Translating research ideas into prescription medicines is a long journey that can take between 12 to 15 years before becoming a reality. This enormous investment of time and effort is required to tackle all the steps in between – from choosing a therapeutic molecule, testing its safety and efficiency to finalising its formulation and mode of delivery to the patients. A crucial step in this process includes a regulatory approval from the corresponding authority such as the European Medicines Agency (EMEA) and other national bodies. Regulators need to be convinced that a new drug meets the standards for efficacy, safety and quality prior to its authorization and commercialization.

The onus is upon those developing a new drug to demonstrate four things to the regulatory authority for its approval: 1) the drug can be produced consistently, which means that every batch has to be identical,  2) the drug is efficient and has a desired therapeutic effect for the disease or condition in question, 3) the drug is safe and, 4) the drug has a favourable benefit-risk profile, meaning that the potential therapeutic effects of the treatment outweigh the potential side effects.

Within the New Deal Project, we aim to treat intestinal bowel disease (IBD) using molecules called siRNAs which target genes involved in intestinal inflammation. Our partner Boyd Consultants is responsible for guiding the consortium with the steps required for the regulatory approval of the project outcome. “Getting through a regulatory approval process involves regular interactions and meetings with regulators requiring significant scientific advice. We bring this key expertise into the New Deal group. In addition, we also help design the clinical studies that will demonstrate that the drug outcome of the New Deal project is safe and effective for patients”, explains Prof. Alan Boyd, director and founder of Boyd Consultants.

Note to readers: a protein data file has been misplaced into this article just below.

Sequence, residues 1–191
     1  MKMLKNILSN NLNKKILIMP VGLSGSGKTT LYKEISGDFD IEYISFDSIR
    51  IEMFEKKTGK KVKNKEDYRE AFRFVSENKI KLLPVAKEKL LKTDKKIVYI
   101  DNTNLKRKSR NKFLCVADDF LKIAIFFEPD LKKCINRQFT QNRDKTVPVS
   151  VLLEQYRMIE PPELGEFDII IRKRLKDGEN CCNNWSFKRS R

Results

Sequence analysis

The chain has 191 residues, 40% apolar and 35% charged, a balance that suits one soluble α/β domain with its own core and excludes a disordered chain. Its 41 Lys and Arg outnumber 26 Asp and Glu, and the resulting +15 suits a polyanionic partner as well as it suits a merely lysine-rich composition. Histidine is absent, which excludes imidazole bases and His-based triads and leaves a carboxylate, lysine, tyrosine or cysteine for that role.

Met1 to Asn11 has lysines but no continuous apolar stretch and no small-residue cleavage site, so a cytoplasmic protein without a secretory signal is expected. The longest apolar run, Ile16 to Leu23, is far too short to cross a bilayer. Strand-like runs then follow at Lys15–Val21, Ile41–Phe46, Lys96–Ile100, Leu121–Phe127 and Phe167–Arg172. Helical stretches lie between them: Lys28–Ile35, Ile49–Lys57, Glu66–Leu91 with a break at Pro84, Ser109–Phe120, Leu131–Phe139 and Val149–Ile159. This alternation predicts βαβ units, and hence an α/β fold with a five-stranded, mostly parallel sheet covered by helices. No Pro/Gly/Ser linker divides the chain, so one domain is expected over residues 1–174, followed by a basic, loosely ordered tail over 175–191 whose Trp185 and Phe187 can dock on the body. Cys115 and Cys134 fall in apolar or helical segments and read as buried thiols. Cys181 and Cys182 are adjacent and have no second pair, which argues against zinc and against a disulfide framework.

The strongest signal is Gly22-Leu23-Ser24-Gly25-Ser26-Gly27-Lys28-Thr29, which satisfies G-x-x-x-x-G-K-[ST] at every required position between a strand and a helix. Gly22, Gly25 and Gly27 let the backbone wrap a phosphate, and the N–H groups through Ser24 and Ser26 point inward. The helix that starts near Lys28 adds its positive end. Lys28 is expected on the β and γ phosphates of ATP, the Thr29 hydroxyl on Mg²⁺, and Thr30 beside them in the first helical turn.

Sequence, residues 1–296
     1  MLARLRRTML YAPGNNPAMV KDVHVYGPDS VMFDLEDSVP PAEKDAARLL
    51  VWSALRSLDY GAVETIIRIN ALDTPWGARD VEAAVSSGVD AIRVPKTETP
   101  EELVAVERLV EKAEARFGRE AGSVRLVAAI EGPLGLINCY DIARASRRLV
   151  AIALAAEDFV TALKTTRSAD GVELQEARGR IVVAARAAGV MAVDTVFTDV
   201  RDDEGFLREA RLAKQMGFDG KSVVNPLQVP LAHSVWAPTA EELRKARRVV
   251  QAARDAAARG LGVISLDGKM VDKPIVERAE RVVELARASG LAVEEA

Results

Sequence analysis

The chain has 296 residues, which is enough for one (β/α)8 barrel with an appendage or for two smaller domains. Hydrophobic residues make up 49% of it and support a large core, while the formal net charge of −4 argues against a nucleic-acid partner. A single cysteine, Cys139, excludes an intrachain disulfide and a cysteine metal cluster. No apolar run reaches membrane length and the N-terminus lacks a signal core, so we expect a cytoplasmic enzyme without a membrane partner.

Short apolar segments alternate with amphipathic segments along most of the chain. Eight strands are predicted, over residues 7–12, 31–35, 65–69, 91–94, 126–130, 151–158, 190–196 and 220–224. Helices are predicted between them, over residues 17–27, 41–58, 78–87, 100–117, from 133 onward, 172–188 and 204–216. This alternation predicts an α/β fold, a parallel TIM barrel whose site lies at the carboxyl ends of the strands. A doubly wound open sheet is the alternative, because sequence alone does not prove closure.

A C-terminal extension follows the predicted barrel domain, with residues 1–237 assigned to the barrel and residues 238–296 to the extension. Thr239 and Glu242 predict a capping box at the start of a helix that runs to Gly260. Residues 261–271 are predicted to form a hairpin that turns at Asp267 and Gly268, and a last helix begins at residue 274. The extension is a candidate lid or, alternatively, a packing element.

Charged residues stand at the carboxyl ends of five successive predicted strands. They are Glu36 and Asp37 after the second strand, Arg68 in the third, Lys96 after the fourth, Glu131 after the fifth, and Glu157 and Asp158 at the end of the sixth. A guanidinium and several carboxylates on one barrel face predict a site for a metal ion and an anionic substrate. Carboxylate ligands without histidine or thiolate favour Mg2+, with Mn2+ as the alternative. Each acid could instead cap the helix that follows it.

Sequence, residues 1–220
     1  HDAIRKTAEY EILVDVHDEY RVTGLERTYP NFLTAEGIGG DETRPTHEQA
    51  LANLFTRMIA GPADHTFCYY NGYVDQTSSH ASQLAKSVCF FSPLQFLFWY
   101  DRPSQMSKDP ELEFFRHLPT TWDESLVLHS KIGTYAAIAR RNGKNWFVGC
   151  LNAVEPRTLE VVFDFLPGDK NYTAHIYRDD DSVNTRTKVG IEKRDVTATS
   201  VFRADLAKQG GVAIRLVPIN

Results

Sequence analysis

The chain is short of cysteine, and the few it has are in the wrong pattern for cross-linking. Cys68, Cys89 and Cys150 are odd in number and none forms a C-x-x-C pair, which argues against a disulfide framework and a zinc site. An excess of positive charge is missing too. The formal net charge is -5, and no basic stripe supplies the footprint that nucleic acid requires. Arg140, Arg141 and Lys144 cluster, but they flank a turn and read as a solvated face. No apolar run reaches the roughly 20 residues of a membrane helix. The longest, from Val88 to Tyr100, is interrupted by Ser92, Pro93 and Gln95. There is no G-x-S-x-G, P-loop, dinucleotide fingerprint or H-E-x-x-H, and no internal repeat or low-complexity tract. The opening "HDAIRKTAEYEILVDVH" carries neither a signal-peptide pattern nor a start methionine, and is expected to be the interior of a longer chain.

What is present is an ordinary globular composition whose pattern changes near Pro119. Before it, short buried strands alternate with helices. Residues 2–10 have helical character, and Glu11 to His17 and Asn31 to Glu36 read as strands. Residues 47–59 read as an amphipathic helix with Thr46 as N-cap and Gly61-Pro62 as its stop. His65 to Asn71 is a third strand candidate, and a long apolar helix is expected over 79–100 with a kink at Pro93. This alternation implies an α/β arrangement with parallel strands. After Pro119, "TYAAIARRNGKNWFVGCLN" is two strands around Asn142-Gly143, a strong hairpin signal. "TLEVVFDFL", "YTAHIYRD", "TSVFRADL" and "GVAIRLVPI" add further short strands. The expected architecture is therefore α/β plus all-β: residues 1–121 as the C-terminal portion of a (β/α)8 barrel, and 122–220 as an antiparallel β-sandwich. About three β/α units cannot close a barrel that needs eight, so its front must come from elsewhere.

Prof. Boyd has been involved in bringing more than 15 medicines to the market through different regulatory bodies, including antibiotics, drugs to treat respiratory illness, cancer and heart failure. Furthermore, he is a pioneer in developing gene-based therapies. “When I started to work on gene-based therapies, there were no regulations for these treatments. People thought I was crazy because nobody has ever done it before!”. Today, the regulations for these novel therapies are clear. According to Prof. Boyd, “when designing and then manufacturing a gene-based therapy, researchers have to test three important aspects of the product: First, potency – which is if the product produces the desired effect, identity – to see if the drug has the right structure or if is it changing and finally, purity – making sure that the final material is free of impurities including viruses or bacteria”.

“Developing gene-based therapies is a bit more straightforward than a chemical medicine such as an antibiotic, and this often surprises people”, states Dr Boyd. When it comes to toxicology assessments where the potentially harmful effects of a drug are studied, gene-based therapies have a clear advantage over their chemical counterparts. “Gene-therapies typically do not have adverse effects in biological processes or functions such as fertility, reproduction or cancer, so the toxicology work is a lot shorter. Moreover, human clinical trials for chemical drugs usually start in healthy volunteers, while gene-based therapies can be tested directly in patients to assess their safety and efficacy as the first step rather than healthy volunteers”, explains Prof. Boyd.

However, within the New Deal Project, our partners are developing a lipid nanoparticle to carry the siRNA through the gastrointestinal tract of the patients so that the therapy is delivered at the intended organ.  “Of course, this affects the manufacturing of the product and its toxicology. We will also have to test the combination of siRNA inside the nanoparticle because that is what we hope to be giving to patients”, explains Prof. Boyd.

The regulatory challenges in bringing a novel therapy from bench to the bedside are not unique to the New Deal project – other nanomedicine initiatives such as B-smart, CUPIDO and Smart4Fabry currently face similar hurdles in developing their nanotechnology-based therapy for neurodegenerative diseases, cardiovascular disease and Fabry LSD disease, respectively. In collaboration with these sister projects, the New Deal consortium has organised a workshop to address the common “Translational issues in nanomedicine” to be conducted online on the 15th of October 2020. Attendees will have a chance to listen to Prof. Boyd´s take on the importance of a clinical development plan and regulatory milestones for nanomedicine projects. “We will be able to share what we have done in terms of developing the product, identifying its structure, the initial toxicology results, the planned clinical program and, of course, we will talk about some of the problems we have had along the way”, says Prof. Boyd.

The workshop is open to all registered participants and further details will be posted soon on our NewDeal website. To stay abreast of this and other developments in this project, don´t forget to subscribe to our newsletter here –